I think you are right in saying that she may be emotionally dependent on you. Judging from what you said about her family, it seems that she views you as a source of emotional comfort and support. This may be why, to you, you never thought that both of you were dating, but to her, it is the first time she has been showered with attention and she misconstrued that as romantic interest.

However, in my experience, breaking dependency often requires introspection, time and a change in environment, primarily by limiting contact with whatever you were dependent on - you.

I do think it is in her best interests to bring this up to her. Don't tell her that you think she is dependent on you straight out; phrase it such that you worry for her and that you think she may be relying on you too much emotionally. Most importantly, give her alternatives. Look up therapists or support groups that she can join. Tell her that although you are her friend and are willing to support her, she should seek a healthy social life aside from you. In doing so, you not only address her problem, but you also provide her with a way to solve it.

Sometimes, caring for her means being able to let go. If she chooses to cut contact with you, respect her decision to do so. Allow her to heal. Give her time.

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In general, I think fysh's answer is very good, I'd just like to add a few things.

From what you are telling us about her, she is and has always been in a bad situation. You are something that helps her keep going. You give her attention and care about her.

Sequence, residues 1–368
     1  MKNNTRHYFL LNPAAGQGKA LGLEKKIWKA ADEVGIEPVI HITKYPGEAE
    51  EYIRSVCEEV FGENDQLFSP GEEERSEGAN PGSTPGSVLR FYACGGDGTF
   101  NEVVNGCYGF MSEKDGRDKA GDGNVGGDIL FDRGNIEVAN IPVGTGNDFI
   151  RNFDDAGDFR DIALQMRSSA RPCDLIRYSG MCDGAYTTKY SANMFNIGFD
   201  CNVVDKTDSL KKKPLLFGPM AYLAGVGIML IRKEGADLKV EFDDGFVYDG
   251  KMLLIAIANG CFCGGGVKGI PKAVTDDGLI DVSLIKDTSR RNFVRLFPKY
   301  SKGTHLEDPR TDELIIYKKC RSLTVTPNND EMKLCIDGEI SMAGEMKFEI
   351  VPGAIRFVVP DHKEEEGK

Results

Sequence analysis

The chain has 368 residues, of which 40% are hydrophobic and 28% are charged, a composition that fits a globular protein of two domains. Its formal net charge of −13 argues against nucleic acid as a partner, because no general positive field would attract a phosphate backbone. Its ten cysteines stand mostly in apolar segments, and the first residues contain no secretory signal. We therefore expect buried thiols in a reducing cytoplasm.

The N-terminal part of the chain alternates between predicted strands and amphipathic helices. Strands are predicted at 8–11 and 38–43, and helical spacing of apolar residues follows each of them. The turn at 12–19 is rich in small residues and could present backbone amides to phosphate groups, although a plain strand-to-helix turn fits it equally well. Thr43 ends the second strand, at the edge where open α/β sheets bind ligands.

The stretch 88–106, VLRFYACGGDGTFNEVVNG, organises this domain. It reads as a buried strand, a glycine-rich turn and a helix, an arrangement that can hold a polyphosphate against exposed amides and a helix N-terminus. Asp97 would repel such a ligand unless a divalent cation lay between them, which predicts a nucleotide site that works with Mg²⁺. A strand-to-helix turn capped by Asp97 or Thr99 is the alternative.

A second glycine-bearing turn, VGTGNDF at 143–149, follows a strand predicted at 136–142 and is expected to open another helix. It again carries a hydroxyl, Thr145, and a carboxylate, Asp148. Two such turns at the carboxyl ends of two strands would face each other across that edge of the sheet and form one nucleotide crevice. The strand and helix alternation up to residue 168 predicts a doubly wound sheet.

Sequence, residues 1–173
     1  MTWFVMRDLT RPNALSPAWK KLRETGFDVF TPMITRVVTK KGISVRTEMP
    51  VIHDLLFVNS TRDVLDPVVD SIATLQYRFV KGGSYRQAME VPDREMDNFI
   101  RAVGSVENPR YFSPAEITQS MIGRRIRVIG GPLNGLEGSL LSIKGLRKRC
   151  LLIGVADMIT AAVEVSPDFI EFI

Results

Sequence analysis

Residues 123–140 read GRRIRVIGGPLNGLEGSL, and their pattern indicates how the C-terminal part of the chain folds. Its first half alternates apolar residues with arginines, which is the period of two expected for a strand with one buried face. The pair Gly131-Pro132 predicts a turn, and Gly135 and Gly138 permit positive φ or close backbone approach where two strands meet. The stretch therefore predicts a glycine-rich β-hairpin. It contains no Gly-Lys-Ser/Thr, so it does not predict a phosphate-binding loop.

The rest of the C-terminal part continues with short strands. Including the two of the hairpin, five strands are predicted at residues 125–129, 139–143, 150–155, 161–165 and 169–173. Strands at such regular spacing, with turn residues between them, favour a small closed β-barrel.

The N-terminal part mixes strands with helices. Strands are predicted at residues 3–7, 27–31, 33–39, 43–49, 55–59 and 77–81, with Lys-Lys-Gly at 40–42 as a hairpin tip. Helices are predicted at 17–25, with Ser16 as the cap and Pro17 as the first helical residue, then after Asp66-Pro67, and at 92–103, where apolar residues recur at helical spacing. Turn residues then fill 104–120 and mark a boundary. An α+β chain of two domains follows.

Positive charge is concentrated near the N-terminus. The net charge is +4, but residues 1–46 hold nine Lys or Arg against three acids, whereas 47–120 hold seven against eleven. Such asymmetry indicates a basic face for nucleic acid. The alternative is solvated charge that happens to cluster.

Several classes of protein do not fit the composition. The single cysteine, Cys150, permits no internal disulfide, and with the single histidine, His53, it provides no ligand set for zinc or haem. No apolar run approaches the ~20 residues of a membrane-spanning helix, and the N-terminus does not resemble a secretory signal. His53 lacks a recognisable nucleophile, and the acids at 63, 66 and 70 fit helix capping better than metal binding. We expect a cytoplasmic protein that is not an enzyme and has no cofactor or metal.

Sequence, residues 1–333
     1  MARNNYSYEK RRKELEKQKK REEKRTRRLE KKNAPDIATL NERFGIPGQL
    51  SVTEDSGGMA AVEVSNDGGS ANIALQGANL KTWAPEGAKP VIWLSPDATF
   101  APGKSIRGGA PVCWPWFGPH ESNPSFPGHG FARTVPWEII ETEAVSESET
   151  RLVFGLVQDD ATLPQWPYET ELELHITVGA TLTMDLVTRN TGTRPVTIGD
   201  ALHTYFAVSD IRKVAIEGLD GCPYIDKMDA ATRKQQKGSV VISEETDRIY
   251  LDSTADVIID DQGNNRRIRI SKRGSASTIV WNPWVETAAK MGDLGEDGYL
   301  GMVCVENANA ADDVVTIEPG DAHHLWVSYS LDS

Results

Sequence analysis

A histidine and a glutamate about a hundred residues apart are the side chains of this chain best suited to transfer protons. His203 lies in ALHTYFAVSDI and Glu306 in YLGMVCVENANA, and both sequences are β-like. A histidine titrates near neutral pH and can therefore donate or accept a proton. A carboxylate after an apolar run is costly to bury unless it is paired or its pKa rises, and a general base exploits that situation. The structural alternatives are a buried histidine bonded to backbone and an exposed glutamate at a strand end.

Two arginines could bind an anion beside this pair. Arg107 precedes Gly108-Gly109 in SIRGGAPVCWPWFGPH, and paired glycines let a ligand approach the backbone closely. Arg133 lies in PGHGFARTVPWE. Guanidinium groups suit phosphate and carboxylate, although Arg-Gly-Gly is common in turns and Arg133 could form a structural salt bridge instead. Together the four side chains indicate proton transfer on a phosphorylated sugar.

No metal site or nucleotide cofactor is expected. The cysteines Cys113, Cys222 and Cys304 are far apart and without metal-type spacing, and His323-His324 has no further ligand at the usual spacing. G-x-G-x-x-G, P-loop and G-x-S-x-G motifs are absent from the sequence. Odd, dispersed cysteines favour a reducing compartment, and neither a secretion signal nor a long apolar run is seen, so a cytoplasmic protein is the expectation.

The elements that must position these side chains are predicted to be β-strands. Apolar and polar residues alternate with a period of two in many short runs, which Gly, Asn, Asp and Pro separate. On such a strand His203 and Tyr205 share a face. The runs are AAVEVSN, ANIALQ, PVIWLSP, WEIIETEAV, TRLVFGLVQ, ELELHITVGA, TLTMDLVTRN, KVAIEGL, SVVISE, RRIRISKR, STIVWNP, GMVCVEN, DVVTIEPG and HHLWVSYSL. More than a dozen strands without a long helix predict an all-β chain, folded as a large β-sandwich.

One big thing, I want to point out:

Friends with benefits includes being a friend

And you should be honest with your friends. If you did not talk about what you wanted from the relationship in the first place, it is a major issue. Communication is key, not only in romantic relationships, but among friends, too.

It is perfectly fine to have open relationships, hookups, friends with benefits or a hardcore BDSM Dom/sub relationship. But what each partner wants from the relationship and what they expect has to be communicated. Or emotional problems are just a matter of time.


You should have a talk about everything with her. Including all the things fysh mentioned.

Assure her that you are her friend first and foremost. It really sounds like she is dependent on you emotionally. Encourage her in everything that could help her loosen the dependency.

As an example, in one of my relationships the girl I wanted to be with was really crushed, because her boyfriend left her. She has a very strong fear of being alone and was more than welcoming that I was there for her and after a short time she wanted to be with me, too.
I feared that I might just help her fight off the loneliness, but it was not specifically me she wanted, but just anyone and since we were very close I was the first to come up.
So I prioritised being her friend and supporting her, even encouraging her to meet other people. I gave her whatever support she needed, but refused to be a rebound. After a while, we actually became a couple, but not as quick as she wanted.

Though the goal was basically opposite to yours, the same base idea applies. Encourage her to get rid off her dependency and when she has freed herself of that she will be better at doing the right thing for her.